The best of these films - 42nd Street (the quintessential backstage musical), Footlight Parade (with James Cagney in a rare dancing role), and Golddiggers - were choreographed by Busby Berkeley, the Broadway wunderkind who embraced the unlimited possibilities of cinema and made the camera a part of the dance and gave audiences a front row seat that swooped and soared and looked down at the geometric beauty of dancers apparently playing to the ceiling.
In contrast to these streetwise fantasies were the elegant yet snappy films of the screen's most graceful duo, Fred Astaire and Ginger Rogers. The gawky Astaire became a swan when he danced in top hat, white tie, and tails, and the brassy Rogers became a sophisticate in her gowns. Initially paired as supporting players in Flying Down to Rio, they were rushed into a series of star making films, most notably Top Hat and Swing Time.
They were far from the only game in town: from Bing Crosby and Al Jolson to Alice Faye and Deanna Durbin, from Nelson Eddy and Jeanette MacDonald to Sonja Henie and her ice-skates, every studio was turning out musicals. Yet the biggest song and dance stars of the 1930s were a pair of performers too young to vote: Shirley Temple, who cooed and soft-shooed through dozens of cute musicals (including Bright Eyes, which features her signature song "On the Good Ship Lollipop"), and Mickey Rooney, whose spring-loaded adolescent energy was paired with Judy Garland to launch the unmistakable "Hey kids, let's put on a show" sub-genre with such classics as Babes in Arms and Strike Up the Band.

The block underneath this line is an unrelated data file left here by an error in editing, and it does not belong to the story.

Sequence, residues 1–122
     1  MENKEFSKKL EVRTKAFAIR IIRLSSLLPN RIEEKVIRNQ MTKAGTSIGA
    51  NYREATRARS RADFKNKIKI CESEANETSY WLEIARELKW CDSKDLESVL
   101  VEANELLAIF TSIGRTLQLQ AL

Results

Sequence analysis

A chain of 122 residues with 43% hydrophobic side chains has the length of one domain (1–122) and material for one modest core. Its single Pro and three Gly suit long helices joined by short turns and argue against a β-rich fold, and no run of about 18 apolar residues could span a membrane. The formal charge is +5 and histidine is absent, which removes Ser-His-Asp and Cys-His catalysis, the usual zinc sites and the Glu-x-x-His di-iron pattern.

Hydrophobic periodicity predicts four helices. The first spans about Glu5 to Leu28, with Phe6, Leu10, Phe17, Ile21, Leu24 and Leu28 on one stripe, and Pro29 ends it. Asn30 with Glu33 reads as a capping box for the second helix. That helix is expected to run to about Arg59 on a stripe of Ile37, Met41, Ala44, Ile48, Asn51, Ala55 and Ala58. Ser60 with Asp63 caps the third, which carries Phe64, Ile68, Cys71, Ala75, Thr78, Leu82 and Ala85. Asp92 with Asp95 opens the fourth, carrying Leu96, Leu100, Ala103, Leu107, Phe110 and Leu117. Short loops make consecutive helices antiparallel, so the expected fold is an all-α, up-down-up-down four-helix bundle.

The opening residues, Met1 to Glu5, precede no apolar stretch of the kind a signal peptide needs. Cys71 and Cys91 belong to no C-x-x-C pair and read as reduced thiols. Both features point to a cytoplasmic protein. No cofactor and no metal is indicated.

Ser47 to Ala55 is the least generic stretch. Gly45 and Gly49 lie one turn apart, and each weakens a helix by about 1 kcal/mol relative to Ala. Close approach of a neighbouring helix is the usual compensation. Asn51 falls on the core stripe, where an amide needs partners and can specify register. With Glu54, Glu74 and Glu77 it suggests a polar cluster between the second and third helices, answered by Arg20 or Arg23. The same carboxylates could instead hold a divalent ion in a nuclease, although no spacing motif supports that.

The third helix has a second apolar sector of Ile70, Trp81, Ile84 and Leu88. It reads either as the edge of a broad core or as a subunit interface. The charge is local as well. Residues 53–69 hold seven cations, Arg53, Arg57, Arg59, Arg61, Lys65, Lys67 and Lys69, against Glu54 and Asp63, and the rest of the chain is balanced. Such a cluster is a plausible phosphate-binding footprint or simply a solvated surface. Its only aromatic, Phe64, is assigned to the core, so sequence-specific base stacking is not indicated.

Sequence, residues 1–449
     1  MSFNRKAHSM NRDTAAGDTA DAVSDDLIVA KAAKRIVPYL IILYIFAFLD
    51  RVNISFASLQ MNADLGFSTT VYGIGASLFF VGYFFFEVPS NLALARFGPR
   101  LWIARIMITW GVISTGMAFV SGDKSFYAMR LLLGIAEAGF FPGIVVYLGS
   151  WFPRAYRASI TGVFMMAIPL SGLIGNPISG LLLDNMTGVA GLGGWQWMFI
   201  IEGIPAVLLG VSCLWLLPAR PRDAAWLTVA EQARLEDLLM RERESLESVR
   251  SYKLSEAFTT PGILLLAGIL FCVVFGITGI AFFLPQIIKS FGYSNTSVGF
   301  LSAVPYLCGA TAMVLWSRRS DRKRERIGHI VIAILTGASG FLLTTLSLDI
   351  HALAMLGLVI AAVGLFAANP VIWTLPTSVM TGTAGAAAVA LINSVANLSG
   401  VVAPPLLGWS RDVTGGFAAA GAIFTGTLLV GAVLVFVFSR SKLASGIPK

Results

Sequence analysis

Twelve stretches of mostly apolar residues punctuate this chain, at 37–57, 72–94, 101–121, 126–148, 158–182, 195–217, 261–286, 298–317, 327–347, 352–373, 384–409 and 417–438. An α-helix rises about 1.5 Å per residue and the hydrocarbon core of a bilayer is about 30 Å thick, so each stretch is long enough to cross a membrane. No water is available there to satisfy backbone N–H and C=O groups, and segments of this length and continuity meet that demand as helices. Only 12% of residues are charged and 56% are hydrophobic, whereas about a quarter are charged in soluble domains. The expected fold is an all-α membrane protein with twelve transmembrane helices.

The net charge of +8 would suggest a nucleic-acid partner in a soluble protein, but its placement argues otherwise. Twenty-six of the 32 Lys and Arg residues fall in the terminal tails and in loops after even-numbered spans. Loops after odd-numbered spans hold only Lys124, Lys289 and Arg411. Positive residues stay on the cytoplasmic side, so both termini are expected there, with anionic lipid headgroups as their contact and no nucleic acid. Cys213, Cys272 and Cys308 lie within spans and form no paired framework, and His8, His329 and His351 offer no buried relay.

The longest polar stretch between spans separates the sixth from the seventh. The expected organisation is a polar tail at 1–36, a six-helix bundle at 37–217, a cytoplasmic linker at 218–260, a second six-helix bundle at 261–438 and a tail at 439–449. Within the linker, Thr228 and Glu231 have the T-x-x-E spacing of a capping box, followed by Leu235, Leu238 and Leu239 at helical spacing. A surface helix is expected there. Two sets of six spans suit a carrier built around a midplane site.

By the 1940s a technology almost as revolutionary as sound allowed the musical to be reborn once again. Technicolor turned Arthur Freed's MGM musical unit into the day-glo dream factory. The roots of his musicals can be found in the magical Wizard of Oz, where the sudden blast of color tells the audience that they aren't in the black-and-white Depression-era heartland of Kansas anymore. We, along with farm girl Dorothy (Judy Garland, in her star-making role), have entered the world of fantasy. Garland became an essential leading lady in the glowingly nostalgic Meet Me in St. Louis (one of the most gorgeous movies ever made) and The Harvey Girls, while the gymnastic Gene Kelly (who burst on the scene co-starring next to Garland in For Me and My Gal) danced his way through The Pirate (also with Garland) before striking out into directing. Among his collaborations with director Stanley Donen are two of the great musicals of all time: the innocent and energetic singing sailors fantasy On the Town and the ode to Hollywood fantasy Singin' in the Rain, the historically inaccurate but nonetheless irresistible story of nothing less than the birth of talkies and the Hollywood musical. (For background on Technicolor, check out the excellent documentary Glorious Technicolor, a featured supplement on the special edition of The Adventures of Robin Hood.)